“However, almost 10 years after, most of the cases have not gone anywhere because of deliberate action by lawyers to frustrate the trials,” he said.
Mr. Ribadu, a lawyer and former police officer, also said he was shocked that some lawyers who found themselves in government also worked against the fight against corruption.
“Take the case of Mr. Michael Aondoakaa, whose most cardinal agendum as the AGF seemed to be destroying EFCC by every means possible and frustrating all the cases.
“In that regard, he attempted to take over the prosecutorial powers of the commission, which would have rendered the EFCC into a toothless bulldog. But of course we resisted,” he said.
He also said that Mr. Aondoakaa later found a partner in Farida Waziri when she was appointed as the chairman of the EFCC to replace Mr. Ribadu.
Mr. Ribadu said Mrs Waziri “inflicted serious damages on the EFCC from which the commission is still struggling to recover”.
He said corrupt practices that were unheard of became widespread in the Commission and outside lawyers were brought in to handle very important cases that sometimes were turned into avenues of making money.
One of such cases, he said, was the Halliburton scandal.
“We did all the work and took the investigation to a very advanced stage, but the case was handed over to private lawyers who connived with some officials to feather their nests from it.
“The lawyers ended up earning more than even the government, to the anguish of those diligent workers who built the case.
“That was a very unprofessional practice and against global best practice,” he said.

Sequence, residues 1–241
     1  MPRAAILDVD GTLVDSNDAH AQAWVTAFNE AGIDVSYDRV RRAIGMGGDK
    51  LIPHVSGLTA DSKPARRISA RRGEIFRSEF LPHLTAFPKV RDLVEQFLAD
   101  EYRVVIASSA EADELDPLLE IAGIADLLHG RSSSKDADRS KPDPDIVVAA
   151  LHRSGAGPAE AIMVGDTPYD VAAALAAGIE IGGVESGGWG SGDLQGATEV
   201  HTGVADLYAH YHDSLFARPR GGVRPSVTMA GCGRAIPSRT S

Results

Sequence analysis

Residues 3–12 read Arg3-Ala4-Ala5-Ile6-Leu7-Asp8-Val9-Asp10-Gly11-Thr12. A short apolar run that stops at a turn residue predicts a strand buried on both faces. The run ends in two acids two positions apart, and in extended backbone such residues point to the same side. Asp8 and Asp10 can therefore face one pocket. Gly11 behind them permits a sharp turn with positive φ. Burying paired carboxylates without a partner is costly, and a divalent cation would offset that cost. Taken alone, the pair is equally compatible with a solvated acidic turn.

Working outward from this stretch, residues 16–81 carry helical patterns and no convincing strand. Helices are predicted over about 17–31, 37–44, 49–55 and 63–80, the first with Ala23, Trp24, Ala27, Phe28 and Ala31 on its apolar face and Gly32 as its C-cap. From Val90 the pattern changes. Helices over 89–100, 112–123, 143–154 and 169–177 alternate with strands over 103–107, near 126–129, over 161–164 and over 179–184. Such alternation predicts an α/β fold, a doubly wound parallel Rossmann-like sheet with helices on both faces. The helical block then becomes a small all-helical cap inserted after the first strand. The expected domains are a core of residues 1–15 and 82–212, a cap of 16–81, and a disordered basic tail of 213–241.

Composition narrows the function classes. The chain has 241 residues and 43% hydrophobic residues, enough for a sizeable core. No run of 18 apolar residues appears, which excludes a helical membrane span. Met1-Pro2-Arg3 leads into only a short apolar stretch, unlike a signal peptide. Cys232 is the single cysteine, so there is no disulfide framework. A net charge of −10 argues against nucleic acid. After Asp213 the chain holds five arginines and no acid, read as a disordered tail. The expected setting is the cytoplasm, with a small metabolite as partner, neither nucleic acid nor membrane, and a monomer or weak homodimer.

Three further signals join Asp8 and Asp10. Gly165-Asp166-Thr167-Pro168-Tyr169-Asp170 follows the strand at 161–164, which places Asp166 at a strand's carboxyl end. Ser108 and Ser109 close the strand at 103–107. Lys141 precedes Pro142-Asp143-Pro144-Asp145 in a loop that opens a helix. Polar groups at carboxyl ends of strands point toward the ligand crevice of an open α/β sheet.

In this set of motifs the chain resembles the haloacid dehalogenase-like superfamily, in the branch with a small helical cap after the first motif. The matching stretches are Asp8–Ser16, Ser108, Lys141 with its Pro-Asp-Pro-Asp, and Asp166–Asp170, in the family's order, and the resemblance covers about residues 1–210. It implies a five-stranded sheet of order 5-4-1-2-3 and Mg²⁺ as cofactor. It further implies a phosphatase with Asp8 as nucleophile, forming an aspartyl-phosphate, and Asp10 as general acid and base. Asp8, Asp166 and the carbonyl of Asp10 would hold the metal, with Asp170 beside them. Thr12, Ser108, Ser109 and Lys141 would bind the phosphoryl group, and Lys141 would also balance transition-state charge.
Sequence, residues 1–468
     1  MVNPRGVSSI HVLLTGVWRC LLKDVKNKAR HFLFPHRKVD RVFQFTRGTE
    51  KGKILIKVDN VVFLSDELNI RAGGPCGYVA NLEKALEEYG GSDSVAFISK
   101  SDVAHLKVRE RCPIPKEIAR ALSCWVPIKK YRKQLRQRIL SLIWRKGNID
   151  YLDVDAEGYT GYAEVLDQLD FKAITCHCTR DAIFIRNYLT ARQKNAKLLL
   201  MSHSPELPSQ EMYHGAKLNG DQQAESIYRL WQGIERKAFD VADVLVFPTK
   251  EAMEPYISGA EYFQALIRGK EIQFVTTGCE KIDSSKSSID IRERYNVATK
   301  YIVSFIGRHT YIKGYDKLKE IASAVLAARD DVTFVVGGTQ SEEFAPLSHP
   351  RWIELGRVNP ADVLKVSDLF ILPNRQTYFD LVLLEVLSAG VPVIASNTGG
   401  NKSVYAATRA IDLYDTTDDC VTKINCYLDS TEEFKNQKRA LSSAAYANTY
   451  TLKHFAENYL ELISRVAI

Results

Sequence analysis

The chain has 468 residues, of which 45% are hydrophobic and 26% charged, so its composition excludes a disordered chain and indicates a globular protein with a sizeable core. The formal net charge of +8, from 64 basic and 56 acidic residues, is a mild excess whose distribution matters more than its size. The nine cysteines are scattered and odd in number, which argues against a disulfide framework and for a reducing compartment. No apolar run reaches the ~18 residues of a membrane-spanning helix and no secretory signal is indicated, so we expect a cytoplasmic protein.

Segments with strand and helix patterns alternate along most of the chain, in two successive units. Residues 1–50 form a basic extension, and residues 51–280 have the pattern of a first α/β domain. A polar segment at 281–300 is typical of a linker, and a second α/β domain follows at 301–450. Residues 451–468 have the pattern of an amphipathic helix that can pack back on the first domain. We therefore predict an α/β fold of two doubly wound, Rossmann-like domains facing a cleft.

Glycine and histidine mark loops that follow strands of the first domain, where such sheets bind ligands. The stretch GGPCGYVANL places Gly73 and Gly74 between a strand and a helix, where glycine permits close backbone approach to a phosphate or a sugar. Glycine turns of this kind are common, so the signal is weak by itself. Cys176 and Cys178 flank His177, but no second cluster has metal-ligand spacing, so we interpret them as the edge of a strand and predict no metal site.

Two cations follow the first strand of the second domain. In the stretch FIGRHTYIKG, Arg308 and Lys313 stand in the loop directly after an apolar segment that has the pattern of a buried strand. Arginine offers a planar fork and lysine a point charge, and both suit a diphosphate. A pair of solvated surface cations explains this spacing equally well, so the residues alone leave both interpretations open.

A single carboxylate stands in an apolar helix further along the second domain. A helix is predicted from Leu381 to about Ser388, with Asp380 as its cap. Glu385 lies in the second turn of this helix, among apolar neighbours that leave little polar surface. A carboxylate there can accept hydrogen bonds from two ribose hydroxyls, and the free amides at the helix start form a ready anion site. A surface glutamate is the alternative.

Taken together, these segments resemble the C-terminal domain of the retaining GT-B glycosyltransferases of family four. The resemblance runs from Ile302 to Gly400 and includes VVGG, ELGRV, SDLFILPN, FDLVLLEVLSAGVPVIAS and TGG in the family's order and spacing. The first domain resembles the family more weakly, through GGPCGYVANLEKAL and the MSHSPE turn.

He also said that the United States and the UK who had similar cases did not involve any private lawyer to handle it for them.
“All these are today pieces of history but as the saying goes: truth is constant while lies fizzle out,” he said.
Mr. Ribadu however listed some Nigerian lawyers that he said contributed immensely to the fight against corruption in the country.
He said when they started the EFCC, they received support from some lawyers “many of who offered to take on our cases for free”.
He said that “In this, Gani (Fawehinmi) has an enviable place. He gave the EFCC his all.
“ He went up to the Supreme Court twice in defence of our work and offered all services of his chambers, including the Law Reports, free for the commission”.
Mr. Ribadu said another strong pillar of support was Femi Falana, “who supported us in nurturing the EFCC to what it is today”.
He said those doing the work today were still feeling Mr. Falana’s legal advocacy and support.
“We equally got incredible support from others like Prof. Yemi Osinbajo, SAN, the current Vice President of Nigeria; Mr. Tayo Oyetibo, SAN; Mr. Rotimi Jacobs, SAN and Chief Kanu Agabi, SAN,” he said.
Mr. Ribadu said some of those who opposed the EFCC considered the commission a threat to their “personal pecuniary interests.”
“Some lawyers even went to the extent of attempting to compromise us to reach their target,” the retired AIG said.
“Of course, we prosecuted those involved in such brazen irresponsibility.
“And because of their centrality in many financial transactions, many lawyers were directly indicted in some scandals.
“Such action often pitched the law enforcement, which we were, against some lawyers who felt their colleagues should be above the law,” he added.